Troubling ties: Shrage is somewhat troubled by the support Markey has received from Rep. Alexandria Ocasio-Cortez (D-NY) and from a local group, Massachusetts Peace Action, which supports the Boycott, Divestment and Sanctions movement. “I’m not saying that’s Ed Markey. I’m not,” said Shrage, who added that the senator has a solid record when it comes to Israel. “But I’m saying that all that support from those places makes me concerned.” Shrage said he assumes Markey “will continue to be a supporter of Israel as he has been in the past. But I still worry about the future of the party and maintaining a bipartisan sense of support for Israel.”
Replacement run: Kennedy has given up his seat in the state’s 4th district in order to run for Senate, leading to a crowded Democratic primary to replace him. Shrage declined to publicly back any of the nine contenders, reserving his criticism only for Ihssane Leckey, a young progressive who has been endorsed by Jewish Voice for Peace and If Not Now Boston. Leckey, Shrage said, “really doesn’t understand the nature of Israel, its political systems, its strengths.”
Bonus: Jesse Mermell, a candidate in the Massachusetts 4th Democratic primary, clarified to Jewish Insider’s Marc Rod that she is “unquestionably opposed” to the BDS movement. Asked about language on her website that states “she does not believe that Israel’s defense requires the silencing of its critics,” Mermell said, it is intended to make clear “that, of course, any individual in his or her own capacity has their own right to free speech.”
Consistency: Mermell said she “would certainly be open” to discussing state-level anti-BDS legislation in Massachusetts, which is not one of the 30 states that has passed such a law. The candidate said she would unequivocally support other restrictions on state contracts, such as a ban on contracts with companies owned by racists or white nationalists. When pressed on what she saw as the distinction between such legislation and anti-BDS legislation, she said, “it probably isn’t much different, which is why I would be absolutely open to having that conversation.” Read more here.
TECH GETS TOUGH
Facebook cracks down on hate speech and expands definition of antisemitism
Facebook is cracking down on hate speech and antisemitism, the social media company announced yesterday. According to its updated community standards policy, the platform will take down content that depicts “Jewish people running the world or controlling major institutions such as media networks, the economy or the government.” The platform will also take down posts that include “caricatures of black people in the form of blackface.”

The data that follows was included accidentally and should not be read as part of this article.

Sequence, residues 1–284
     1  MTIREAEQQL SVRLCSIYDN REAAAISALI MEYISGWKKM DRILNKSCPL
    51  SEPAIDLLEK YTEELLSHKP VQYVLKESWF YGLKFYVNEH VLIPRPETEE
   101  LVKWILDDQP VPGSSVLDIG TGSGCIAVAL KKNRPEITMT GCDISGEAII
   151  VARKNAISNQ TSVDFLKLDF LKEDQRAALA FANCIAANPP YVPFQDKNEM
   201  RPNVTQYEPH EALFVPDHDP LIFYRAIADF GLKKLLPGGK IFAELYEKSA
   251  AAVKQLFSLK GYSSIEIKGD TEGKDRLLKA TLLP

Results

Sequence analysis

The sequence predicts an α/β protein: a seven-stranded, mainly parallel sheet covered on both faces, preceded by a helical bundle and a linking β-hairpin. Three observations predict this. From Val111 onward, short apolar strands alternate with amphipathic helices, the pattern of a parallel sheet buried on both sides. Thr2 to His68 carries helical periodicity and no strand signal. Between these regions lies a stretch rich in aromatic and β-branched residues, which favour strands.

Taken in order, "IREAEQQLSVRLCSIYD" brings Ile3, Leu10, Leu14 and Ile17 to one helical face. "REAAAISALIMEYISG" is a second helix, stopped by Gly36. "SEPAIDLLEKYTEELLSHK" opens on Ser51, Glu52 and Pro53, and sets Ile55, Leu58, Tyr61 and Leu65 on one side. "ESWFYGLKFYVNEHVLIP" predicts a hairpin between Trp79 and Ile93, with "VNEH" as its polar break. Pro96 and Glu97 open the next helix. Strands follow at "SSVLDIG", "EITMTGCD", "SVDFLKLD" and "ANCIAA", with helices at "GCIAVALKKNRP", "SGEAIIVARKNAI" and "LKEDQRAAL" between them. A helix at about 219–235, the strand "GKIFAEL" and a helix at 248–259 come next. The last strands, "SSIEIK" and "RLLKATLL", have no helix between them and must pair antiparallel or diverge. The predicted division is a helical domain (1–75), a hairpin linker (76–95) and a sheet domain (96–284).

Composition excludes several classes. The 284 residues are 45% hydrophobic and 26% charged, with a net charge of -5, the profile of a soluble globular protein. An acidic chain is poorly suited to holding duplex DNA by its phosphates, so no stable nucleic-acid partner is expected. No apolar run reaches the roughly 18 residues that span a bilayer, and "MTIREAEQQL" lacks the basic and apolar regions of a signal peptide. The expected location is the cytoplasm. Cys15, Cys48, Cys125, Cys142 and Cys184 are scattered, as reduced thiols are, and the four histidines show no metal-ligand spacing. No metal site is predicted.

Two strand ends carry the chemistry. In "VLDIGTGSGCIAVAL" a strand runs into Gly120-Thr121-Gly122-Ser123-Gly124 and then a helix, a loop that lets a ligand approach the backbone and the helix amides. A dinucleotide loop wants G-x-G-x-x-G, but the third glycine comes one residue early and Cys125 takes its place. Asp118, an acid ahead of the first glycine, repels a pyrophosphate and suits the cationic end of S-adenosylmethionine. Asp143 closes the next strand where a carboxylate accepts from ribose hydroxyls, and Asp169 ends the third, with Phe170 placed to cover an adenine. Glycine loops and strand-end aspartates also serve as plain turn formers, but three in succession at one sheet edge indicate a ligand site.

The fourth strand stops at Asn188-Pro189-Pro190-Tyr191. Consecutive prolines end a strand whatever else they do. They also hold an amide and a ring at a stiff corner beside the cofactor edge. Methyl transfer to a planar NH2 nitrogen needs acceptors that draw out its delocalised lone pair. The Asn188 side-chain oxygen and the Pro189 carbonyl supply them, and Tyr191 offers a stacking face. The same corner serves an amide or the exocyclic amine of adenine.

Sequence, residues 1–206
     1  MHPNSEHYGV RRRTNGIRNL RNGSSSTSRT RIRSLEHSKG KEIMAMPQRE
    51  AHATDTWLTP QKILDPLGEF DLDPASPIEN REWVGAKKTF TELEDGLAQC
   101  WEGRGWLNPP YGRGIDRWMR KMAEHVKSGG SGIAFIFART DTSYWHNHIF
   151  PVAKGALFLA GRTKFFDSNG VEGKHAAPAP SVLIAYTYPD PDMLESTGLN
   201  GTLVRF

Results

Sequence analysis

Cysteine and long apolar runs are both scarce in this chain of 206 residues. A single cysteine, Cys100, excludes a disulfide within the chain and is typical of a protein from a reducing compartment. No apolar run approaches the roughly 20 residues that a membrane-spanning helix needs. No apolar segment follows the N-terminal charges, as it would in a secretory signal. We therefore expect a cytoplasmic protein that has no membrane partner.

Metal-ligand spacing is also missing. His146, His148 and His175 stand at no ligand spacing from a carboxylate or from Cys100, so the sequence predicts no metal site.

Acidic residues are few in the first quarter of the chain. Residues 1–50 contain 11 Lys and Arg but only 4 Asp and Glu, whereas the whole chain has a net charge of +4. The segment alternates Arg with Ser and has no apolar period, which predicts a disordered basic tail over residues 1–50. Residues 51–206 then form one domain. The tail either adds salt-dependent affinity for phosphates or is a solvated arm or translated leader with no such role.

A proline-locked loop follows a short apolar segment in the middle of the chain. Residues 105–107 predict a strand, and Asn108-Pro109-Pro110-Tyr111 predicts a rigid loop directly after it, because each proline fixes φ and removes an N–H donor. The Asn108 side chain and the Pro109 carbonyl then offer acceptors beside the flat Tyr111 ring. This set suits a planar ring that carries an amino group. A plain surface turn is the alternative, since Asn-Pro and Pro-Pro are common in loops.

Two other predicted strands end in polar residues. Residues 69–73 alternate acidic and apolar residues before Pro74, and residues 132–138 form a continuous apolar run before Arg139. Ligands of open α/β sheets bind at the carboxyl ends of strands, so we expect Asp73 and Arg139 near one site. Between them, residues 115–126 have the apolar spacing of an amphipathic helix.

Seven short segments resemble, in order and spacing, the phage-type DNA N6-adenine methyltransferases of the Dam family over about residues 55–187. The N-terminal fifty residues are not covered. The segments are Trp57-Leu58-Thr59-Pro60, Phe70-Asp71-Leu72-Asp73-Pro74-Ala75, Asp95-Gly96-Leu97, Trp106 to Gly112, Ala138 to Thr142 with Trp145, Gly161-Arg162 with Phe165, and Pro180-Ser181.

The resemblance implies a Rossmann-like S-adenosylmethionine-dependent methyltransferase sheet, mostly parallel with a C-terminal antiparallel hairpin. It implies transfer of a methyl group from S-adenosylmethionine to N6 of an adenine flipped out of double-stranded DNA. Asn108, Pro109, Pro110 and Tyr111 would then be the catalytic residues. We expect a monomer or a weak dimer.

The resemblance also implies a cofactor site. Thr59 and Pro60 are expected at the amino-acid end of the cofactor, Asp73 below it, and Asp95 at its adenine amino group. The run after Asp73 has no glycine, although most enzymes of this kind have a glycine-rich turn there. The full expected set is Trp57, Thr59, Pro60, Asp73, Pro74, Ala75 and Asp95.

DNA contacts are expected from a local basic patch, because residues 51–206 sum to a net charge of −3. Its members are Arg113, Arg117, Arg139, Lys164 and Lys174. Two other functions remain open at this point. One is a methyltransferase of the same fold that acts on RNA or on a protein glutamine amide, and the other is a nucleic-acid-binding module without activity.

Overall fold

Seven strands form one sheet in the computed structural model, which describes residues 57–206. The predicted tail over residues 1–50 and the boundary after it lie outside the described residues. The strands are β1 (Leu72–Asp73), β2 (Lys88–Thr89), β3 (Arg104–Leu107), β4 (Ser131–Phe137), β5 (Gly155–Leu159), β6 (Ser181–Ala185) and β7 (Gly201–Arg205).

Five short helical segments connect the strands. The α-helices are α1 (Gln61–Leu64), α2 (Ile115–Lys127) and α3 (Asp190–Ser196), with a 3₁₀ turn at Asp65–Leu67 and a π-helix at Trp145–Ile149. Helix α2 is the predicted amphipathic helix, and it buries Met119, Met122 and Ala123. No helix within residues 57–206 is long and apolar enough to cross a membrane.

Inspired by IHRA: The new policy’s language is similar to the text of the International Holocaust Remembrance Alliance’s working definition of antisemitism. “The IHRA working definition of antisemitism has always been valuable for informing our own approach to fighting antisemitism,” Jordana Cutler, Facebook’s head of public policy for Israel and the Jewish diaspora, told Jewish Insider’s Melissa Weiss. “The harmful stereotypes policy that we launched today draws on the spirit and the text of the second bullet point in the IHRA definition.”
Taking action: The decision marks the first substantive policy update to the company’s “objectionable content” standards in months. Facebook said Tuesday that it had scaled up efforts to address problematic content, taking action on 22.5 million pieces of content during the second quarter of 2020, up from 9.6 million pieces of content in the first quarter.
Jewish outreach: “This is a policy that we have been working on for over a year; with stakeholders from many different communities impacted by this policy,” Cutler told JI. In a statement, World Jewish Congress President Ronald S. Lauder said the WJC “has worked closely with Facebook to encourage the platform to remove harmful content including stereotypes as a form of hate speech. We applaud Facebook for its leadership and hope this move will be a guiding light for other social media companies to follow.”
🤝 Special Relationship:The Atlantic’s Tom McTague and Peter Nicholas explore how world leaders, including Israeli Prime Minister Benjamin Netanyahu, have worked to build unorthodox diplomatic relations with Trump. “The joke is that the U.S. ambassador to Israel doesn’t have a role, because the prime minister can go directly to Washington for everything.” [TheAtlantic]